Her smile faded, a soured grimace replacing it as a bit of contempt for the man before her surfaced. He’d given Austin a more acceptable explanation for the shift occurring in his life, but Cynthia knew better. She knew there was something else happening, a harsher reason. “Before you run off and disappear; I got a few questions.”

Carvin sighed, shaking his head. “If you didn’t want to do it, all you had to do was say no. I didn’t come here to be hounded or questioned.”

“Where are you going?”

“It’s none of his concern, or yours, where I’ll be. All I need him to do is focus on this school these people wanted him in.” Carvin wouldn’t admit, he was glad the school board’s insistence on moving Austin had worked out perfectly for his own selfish plans.

“Where’s Lorie?”

Though he felt he owed no explanations to Cynthia, he knew he had no full right to drop his child off and vanish without giving some reason. “She’s somewhere in California neglecting the life she had with me. She don’t care about that boy no more than I do, just worried about that damn movie career. She knows he’ll be with you. She’ll be sending you money to help out.”

“She doesn’t care about him? Did she say that herself, or is that something cruel you’ve told your son in one of your many moments of anger?”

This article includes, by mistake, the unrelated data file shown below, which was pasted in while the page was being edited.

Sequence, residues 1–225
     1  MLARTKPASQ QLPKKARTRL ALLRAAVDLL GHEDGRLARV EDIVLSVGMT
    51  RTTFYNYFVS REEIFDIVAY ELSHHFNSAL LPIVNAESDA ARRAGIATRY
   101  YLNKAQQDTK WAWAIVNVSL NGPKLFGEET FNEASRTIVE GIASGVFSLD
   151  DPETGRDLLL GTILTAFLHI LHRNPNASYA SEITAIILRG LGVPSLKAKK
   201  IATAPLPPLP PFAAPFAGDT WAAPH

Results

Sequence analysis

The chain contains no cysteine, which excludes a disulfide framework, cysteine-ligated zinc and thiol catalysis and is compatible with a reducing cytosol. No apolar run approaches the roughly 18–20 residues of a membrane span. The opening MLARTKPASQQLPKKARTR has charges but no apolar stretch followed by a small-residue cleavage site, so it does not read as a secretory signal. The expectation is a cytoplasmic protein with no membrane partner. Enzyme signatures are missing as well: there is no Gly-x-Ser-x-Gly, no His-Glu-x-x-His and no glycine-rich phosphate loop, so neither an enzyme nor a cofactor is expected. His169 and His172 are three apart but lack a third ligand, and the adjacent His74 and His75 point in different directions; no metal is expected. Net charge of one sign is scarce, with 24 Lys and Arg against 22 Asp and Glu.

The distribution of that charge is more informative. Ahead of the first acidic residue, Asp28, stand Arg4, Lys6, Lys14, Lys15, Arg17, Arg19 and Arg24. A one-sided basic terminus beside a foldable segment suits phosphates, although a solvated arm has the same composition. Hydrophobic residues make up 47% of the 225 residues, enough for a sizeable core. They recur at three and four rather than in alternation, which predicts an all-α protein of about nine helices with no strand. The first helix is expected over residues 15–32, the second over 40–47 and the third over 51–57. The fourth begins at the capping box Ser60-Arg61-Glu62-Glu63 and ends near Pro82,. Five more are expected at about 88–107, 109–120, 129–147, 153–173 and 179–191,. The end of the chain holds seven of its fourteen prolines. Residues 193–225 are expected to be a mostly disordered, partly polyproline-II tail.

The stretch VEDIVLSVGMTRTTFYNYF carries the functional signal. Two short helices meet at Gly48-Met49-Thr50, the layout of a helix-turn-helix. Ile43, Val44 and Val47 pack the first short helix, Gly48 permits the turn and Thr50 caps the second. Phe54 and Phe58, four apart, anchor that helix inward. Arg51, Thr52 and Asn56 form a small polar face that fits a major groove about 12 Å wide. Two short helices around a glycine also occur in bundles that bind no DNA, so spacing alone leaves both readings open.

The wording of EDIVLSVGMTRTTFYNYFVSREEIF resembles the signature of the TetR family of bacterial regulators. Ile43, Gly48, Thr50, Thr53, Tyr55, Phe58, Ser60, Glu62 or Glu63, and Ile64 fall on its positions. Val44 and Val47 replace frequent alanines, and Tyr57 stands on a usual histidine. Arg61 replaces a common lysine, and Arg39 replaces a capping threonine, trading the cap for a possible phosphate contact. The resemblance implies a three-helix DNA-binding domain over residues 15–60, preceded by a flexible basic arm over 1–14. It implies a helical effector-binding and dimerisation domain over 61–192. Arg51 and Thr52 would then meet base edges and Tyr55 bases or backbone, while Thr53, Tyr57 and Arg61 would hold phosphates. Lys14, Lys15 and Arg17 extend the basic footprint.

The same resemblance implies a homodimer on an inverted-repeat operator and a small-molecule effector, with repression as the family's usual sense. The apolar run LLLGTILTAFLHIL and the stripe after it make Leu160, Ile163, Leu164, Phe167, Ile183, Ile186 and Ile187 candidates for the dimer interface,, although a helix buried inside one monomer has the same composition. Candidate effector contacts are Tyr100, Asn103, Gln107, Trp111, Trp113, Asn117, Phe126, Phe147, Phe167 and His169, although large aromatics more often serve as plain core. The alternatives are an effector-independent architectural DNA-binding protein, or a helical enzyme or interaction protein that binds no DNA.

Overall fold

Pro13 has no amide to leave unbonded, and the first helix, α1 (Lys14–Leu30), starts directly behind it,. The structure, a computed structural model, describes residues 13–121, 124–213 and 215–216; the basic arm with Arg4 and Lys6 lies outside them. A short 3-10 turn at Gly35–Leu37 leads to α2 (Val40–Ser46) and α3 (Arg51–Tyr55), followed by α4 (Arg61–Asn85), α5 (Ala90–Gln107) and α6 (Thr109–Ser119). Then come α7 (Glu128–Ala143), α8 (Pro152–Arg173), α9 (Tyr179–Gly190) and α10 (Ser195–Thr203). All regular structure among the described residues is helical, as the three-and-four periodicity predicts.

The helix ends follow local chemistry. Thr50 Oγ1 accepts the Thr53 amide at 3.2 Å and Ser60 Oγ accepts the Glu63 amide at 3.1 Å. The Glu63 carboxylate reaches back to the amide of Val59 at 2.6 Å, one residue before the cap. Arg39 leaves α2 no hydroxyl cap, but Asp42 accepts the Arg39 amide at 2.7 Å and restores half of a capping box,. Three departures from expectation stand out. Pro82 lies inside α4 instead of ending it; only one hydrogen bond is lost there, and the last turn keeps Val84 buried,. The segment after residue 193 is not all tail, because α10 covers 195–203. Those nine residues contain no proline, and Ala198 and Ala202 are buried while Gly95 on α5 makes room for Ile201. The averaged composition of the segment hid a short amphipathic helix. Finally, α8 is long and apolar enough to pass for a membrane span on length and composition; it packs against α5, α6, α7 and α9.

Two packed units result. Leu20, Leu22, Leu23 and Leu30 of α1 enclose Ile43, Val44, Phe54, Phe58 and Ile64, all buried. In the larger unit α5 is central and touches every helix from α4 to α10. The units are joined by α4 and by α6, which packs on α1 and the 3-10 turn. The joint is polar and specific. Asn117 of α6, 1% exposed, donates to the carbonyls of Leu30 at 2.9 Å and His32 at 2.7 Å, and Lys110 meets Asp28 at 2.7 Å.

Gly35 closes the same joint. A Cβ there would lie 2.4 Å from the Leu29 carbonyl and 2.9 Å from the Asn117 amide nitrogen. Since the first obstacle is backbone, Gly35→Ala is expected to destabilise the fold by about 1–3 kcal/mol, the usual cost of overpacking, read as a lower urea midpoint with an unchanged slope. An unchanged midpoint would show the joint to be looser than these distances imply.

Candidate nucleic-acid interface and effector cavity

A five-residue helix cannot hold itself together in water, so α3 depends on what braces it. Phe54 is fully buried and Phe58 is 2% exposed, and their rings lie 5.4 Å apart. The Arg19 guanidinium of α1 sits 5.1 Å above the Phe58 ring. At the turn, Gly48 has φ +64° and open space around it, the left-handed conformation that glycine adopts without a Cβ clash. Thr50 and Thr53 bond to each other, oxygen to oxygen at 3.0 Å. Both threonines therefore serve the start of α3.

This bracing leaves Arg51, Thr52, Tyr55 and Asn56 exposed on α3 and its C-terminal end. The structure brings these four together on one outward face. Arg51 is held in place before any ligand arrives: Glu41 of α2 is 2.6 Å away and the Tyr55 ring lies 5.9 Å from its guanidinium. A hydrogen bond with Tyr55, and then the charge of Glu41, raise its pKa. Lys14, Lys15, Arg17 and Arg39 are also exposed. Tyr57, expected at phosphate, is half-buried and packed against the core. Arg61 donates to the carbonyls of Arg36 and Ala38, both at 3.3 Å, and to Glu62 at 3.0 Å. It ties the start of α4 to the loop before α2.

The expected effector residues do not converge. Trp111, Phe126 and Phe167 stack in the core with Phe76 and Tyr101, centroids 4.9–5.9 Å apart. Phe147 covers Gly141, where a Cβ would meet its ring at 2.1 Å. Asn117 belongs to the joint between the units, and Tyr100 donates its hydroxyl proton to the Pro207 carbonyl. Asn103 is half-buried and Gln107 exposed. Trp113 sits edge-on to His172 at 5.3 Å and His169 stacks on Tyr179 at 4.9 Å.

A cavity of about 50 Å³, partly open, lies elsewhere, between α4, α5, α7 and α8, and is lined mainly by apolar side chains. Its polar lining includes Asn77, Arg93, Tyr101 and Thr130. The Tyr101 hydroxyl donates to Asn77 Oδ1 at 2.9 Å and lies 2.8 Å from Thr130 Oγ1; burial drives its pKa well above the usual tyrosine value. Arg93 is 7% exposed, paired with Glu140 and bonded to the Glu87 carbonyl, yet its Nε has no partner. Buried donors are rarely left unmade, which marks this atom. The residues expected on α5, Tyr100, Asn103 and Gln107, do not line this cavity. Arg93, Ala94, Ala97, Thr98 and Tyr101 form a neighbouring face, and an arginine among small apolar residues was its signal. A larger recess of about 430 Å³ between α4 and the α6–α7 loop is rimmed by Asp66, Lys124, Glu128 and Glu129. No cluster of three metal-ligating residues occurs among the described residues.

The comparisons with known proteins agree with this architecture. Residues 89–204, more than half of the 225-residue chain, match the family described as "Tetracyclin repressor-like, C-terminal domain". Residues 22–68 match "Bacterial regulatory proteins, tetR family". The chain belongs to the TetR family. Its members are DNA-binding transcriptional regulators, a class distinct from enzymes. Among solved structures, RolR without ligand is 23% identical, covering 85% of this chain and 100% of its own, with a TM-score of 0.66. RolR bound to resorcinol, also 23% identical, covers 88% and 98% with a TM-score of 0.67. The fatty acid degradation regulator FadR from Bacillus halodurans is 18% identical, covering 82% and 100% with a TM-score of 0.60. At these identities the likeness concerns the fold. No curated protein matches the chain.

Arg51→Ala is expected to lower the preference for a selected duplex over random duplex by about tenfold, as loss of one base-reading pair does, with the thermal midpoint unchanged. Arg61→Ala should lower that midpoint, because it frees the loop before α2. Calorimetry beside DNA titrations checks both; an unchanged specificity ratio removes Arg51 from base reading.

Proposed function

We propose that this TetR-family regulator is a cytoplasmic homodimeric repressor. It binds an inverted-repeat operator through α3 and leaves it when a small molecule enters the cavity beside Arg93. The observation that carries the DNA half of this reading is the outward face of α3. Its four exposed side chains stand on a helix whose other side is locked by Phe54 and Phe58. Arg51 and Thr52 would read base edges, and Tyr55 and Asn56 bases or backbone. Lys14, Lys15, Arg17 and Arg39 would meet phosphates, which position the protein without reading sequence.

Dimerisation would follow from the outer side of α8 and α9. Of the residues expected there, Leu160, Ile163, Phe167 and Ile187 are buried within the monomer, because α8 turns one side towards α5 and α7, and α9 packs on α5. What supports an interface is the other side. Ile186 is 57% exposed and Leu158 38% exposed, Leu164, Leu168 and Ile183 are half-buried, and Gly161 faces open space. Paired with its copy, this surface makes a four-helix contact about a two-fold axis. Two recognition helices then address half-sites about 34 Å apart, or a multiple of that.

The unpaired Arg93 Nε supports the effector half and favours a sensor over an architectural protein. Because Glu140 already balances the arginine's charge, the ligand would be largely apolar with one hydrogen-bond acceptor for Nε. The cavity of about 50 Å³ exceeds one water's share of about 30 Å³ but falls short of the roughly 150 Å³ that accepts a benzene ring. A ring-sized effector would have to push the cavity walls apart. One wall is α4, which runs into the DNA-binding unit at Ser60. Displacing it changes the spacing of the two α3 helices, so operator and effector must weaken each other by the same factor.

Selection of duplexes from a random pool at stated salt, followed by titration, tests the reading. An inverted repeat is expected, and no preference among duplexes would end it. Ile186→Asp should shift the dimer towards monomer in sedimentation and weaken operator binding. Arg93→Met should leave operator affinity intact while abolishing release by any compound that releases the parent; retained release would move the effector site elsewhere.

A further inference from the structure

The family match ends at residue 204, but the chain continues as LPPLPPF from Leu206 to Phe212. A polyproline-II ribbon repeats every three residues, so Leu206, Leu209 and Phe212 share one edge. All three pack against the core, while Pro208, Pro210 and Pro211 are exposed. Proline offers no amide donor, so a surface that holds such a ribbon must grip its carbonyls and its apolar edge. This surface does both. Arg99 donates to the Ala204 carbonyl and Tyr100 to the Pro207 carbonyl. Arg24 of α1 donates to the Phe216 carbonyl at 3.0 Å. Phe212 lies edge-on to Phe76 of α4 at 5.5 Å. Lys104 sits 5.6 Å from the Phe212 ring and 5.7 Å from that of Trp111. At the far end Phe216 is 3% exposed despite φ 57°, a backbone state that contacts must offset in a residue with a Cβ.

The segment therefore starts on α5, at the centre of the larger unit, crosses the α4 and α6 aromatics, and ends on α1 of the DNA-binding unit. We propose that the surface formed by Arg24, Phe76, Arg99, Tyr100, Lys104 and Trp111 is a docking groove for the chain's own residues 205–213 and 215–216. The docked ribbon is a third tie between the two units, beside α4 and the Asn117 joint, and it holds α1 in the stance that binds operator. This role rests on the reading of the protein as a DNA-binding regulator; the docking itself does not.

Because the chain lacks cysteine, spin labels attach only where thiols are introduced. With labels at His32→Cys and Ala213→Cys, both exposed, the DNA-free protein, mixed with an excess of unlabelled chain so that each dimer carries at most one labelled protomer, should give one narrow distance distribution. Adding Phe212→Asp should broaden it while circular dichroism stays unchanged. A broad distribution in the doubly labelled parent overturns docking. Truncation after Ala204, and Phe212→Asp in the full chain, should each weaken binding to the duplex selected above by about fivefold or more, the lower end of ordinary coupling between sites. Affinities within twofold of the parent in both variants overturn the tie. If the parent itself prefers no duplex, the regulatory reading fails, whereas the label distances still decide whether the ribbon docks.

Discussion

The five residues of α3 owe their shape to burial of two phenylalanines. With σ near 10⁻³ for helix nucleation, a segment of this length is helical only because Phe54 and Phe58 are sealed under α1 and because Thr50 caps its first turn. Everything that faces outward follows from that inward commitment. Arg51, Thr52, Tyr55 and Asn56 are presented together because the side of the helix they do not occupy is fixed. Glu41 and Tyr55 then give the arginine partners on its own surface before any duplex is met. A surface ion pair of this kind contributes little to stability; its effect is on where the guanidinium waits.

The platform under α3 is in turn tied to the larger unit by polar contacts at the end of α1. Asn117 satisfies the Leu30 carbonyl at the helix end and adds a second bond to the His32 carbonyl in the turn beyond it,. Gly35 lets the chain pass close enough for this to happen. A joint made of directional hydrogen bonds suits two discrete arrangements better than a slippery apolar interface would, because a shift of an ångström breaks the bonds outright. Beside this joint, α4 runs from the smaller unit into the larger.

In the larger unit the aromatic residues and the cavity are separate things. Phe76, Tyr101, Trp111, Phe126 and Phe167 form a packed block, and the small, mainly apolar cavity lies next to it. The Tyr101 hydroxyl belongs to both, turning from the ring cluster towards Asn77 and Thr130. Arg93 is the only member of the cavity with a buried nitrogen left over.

“That boy couldn’t believe a bad thing about his mother, even if Jesus told it to him. He’s just as naive as she is, trusting and loving. If it were his choice, he’d wait for her forever because he’s so sure she’ll return for him. I don’t have that kind of time. You want the truth, here it is; I need to move on with my life, and I can’t do that with the boy weighing me down. I need to focus on me now, worry about myself for a change.”

Cynthia could only chuckle, in annoyance. “Must be something in this water around Louisiana. All of you sorry ass men coming up for breaths of air with your responsibility and common sense tossed out the window.”

“Don’t judge me, Cynthia! Okay, we can’t all have our shit together like you do. I never wanted a child, but I made that one and I tried my best for years, many of them on my own just like you’re doing now with your own boys. I tried.”

Austin returned, biting away at a simple sandwich that had been packaged for quick purchase. Cynthia recollected her emotions, tired of having to fuss at grown men for their choices and actions. It would be harder, but if no one wanted to love growing boys that needed lots of it, she would.

“Things are a little more expensive up here. For four dollars, this sandwich should have been made by the hands of an angel.”

Cynthia smirked, turning her attention to the boy. “Bus station food is a lot like airport food, there for convenience and not very good. Don’t worry, I’d like to think I’m a pretty decent cook. Are you ready to go?”

Austin nodded, looking towards his father. He wanted to hug the man, but refrained from doing so. Afraid of being chastised for his ‘soft’ ways. “I’ll see you around Dad. And thanks for letting me do this. If I keep my grades up here, I can get off to college like you and Mama wanted.”

Carvin nodded, saying a low goodbye. After grabbing the two suitcases he’d brought along, Cynthia rushed Austin along so that they could beat the mid-afternoon traffic.

One thought on “Family Reunion by Cortney Joseph #ShortStoryAugust